Friday, September 29, 2006

How To Architect Your CSS

We all have our own favourite strategies for architecting our application code, but CSS is often one of the aspects of a site that gets copmletely overlooked. As CSS - along with its browser support - matures and grows more powerful, how we structure our CSS becomes more and more important for maintainability and expansibility1 of our applications.

I'm sure we've all experienced it - you start out with a prototype with a few simple CSS rules and the best of intentions, but as your application grows and changes, and more and more people have their input into the design process, the CSS grows and morphs and accumulates more and more quick fixes and cheesey hacks. Months later, you realise you've got to the point where something as simple as "can we make the comments link appear in red?" can take hours of navigating the jungle of interfering specificities and ids. Eventually you admit defeat, and put in a cheesey hack "just this once", and mentally promise to go back and fix it properly later - but somehow you never get round to it, and the process continues.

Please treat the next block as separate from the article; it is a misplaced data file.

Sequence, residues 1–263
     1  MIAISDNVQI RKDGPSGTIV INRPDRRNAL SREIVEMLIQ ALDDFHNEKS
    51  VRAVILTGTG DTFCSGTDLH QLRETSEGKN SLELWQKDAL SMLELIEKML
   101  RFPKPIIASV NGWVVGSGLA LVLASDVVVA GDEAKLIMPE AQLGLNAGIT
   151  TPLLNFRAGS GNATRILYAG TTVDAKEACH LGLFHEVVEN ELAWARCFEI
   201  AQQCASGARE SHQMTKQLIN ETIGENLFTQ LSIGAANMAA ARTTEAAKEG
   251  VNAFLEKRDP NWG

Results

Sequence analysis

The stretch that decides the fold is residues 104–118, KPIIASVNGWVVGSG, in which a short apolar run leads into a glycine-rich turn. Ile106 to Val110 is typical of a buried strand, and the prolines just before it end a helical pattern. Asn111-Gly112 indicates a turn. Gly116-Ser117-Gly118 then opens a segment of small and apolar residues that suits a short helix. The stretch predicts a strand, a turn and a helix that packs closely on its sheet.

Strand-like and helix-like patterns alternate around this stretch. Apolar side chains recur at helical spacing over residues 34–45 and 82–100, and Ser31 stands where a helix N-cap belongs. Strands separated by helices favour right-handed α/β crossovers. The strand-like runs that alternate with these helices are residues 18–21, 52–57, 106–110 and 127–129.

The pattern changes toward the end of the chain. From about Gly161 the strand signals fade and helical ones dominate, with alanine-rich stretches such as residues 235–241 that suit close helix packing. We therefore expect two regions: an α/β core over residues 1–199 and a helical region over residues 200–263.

Digital Web has an interesting, if short, article on Architecting CSS, with some useful tips. If I had to pick two simple things that you should do RIGHT NOW, DAMMIT if you're not already, it would be :

  • Commenting your rules just as much as your code, and
  • Alphabetically sorting your attributes.


Oh, and avoiding the !important hack if at all possible.

Alright, three simple things....2 You get the idea :)



1 - apologies for grimace-inducing linguistic contortions. It's Friday, it's early, and I haven't had coffee yet. Bleh.
2 - No-one expects the Spanish blog post!

5 comments:

Martin said...

Never thought of sorting attributes alphabetically. That's an excellent tip.

Ben Nadel said...

I do the alpha sort on attributes (otherwise I can't read them... I have mental problems)... but I certianly need to comment better.

Nice post.

Nathan Strutz said...

Is !Important; really a hack if it's built into the language? I mean, really, that's what it's there for.

Alistair Davidson said...

Nathan,

I'd certainly class !important as bad practise, even though it is perfectly allowable in the language - along the same kind of lines as GOTO, using exceptions for flow of control, and mixing database queries in amongst your display code. You can do it, sure, but it's probably going to create real maintenance headaches down the line.

Mike Stenhouse said...

Bit late but just going through my feeds! I wrote up something similar a while back but aimed at coding CSS in a team environment. It was largely based on how badly we did it on business.gov.uk years and years ago! Roger Johansson has done some work on this too but I don't think he's published it yet...